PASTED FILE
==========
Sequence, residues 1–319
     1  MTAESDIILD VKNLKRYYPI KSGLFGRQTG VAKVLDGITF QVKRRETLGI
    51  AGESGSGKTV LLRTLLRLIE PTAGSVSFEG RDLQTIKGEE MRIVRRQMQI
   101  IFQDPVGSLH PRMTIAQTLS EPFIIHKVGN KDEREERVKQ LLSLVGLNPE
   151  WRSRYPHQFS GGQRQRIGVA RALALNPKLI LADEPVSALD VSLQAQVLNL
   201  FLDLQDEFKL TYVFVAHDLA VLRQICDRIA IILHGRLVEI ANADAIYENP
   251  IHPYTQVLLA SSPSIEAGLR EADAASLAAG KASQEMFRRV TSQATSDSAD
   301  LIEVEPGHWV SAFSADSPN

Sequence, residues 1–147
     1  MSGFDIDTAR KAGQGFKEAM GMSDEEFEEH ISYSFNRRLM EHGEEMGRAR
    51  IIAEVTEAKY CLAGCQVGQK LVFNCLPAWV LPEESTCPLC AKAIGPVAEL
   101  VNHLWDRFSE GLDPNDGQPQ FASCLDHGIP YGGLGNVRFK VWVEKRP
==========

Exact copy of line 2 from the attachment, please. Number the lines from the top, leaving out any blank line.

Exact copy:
     1  MTAESDIILD VKNLKRYYPI KSGLFGRQTG VAKVLDGITF QVKRRETLGI